The culmination of Zarathustra’s preaching is the doctrine of the eternal recurrence, which claims that all events will repeat themselves again and again forevermore. Only the overman can embrace this doctrine, since only the overman has the strength of will to take responsibility for every moment in his life and to wish nothing more than for each moment to be repeated. Zarathustra has trouble facing the eternal recurrence, as he cannot bear the thought that the mediocrity of the rabble will be repeated through all eternity without improvement.

    In Part IV, Zarathustra assembles in his cave a number of men who approximate, but who do not quite attain the position of the overman. There, they enjoy a feast and a number of songs. The book ends with Zarathustra joyfully embracing the eternal recurrence, and the thought that “all joy wants deep, wants deep eternity.”



  • vinaire  On September 13, 2014 at 6:27 PM

    I think I am finally getting the hang of what Nietsche is saying. I am being assisted in this by the application of mindfulness, in addition to help from Katageek. My primary observation is,

    To Nietzsche, Übermensch was a state in which man was congruent with his natural self. A resolution of the social, cultural, and moral contexts was necessary to evolve man toward Übermensch.

    “Down-going” seems to be a movement down into abyss that is man.

    “Over-going” would be movement from animal to Übermensch, over the abyss that is man.

    “Earthly” would be seeing things as they are without the distortions caused by assumptions, expectations, speculations, etc.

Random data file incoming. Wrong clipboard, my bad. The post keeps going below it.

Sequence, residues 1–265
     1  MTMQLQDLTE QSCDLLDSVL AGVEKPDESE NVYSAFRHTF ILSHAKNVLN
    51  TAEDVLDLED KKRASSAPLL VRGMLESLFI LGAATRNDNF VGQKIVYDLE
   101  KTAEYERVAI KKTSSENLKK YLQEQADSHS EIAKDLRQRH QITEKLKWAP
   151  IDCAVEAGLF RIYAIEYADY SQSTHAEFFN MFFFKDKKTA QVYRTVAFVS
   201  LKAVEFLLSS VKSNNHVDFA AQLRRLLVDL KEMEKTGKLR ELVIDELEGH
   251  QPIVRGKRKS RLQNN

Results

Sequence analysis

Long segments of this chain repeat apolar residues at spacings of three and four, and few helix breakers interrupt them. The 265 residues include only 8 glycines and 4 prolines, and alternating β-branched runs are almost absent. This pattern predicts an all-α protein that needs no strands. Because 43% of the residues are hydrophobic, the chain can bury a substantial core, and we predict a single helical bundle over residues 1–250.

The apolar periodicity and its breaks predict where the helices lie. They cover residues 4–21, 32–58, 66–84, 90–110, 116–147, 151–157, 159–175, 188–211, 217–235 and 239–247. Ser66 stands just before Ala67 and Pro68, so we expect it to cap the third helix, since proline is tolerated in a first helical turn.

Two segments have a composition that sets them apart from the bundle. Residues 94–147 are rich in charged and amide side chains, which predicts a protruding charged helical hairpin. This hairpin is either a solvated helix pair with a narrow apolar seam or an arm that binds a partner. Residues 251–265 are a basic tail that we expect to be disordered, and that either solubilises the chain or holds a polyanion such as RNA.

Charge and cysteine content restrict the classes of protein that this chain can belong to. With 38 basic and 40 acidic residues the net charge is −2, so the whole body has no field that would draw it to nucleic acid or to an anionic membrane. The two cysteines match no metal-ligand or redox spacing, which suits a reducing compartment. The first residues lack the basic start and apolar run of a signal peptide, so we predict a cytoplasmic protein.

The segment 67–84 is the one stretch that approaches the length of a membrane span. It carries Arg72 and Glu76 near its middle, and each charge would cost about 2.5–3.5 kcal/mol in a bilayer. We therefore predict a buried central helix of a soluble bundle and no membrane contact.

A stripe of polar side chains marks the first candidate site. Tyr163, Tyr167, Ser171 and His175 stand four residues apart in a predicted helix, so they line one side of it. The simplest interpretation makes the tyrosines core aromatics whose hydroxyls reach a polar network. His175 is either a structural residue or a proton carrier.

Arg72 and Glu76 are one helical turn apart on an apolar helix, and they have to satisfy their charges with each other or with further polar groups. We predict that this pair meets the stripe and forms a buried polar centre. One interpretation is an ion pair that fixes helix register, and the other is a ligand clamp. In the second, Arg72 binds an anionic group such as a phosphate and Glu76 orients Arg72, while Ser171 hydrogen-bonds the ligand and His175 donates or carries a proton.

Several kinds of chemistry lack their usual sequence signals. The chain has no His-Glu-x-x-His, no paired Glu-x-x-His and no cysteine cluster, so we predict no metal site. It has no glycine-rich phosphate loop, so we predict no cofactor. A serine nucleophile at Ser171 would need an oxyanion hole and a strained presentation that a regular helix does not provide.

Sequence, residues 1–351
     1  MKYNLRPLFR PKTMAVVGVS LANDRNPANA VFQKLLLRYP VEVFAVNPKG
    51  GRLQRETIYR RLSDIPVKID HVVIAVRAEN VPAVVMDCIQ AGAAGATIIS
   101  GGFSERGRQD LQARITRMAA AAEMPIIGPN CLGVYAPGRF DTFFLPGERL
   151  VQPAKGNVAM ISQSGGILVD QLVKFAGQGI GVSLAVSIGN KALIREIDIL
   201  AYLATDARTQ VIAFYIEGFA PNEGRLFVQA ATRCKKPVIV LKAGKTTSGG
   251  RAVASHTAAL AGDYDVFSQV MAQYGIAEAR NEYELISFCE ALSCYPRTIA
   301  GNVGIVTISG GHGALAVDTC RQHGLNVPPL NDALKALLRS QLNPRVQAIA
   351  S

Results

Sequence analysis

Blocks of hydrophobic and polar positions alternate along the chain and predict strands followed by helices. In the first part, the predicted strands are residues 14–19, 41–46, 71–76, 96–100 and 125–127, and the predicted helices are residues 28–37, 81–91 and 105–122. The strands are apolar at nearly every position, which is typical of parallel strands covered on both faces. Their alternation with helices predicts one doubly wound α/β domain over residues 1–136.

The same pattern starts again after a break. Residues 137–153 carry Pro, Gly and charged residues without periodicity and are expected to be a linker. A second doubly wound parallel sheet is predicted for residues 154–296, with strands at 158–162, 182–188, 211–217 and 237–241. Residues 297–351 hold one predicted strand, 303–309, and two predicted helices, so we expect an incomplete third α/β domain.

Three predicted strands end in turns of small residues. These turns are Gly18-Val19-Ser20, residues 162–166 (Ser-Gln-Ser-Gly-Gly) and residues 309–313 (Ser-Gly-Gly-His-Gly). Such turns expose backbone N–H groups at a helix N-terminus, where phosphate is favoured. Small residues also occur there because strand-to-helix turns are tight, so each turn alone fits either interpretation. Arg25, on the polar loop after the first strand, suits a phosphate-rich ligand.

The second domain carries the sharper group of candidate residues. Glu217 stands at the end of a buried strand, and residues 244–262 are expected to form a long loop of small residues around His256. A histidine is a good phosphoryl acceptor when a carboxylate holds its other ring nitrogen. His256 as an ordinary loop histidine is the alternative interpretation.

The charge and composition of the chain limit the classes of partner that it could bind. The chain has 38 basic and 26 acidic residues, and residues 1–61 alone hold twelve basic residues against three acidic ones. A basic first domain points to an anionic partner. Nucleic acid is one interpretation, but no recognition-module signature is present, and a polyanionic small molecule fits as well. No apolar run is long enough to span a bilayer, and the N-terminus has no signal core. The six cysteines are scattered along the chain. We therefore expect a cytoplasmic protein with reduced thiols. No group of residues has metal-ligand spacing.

“Superearthly” would be believing in things as viewed through the filter of assumptions, expectations, speculations, etc.

    Man is an in-between phase. It is something to experience fully (down-going), and to be overcome (over-going).

    Those who are able to experience themselves fully as man (down-going) are the one who will be able to overcome the state of man (over-going) and move beyond it.


    • Chris Thompson  On September 13, 2014 at 7:15 PM

      “Man is an in-between phase.”

      I believe we find that all the world is in various phases and at anytime can correctly be said to be in between.


    • Chris Thompson  On September 13, 2014 at 7:21 PM

      “Those who are able to experience themselves fully as man (down-going) are the one who will be able to overcome the state of man (over-going) and move beyond it.”

      I rather think that we represent a small slice of a great continuity of existence. Imagining states of beingness are abstractions only. The notion of a state of superman misconstrues ubermensch.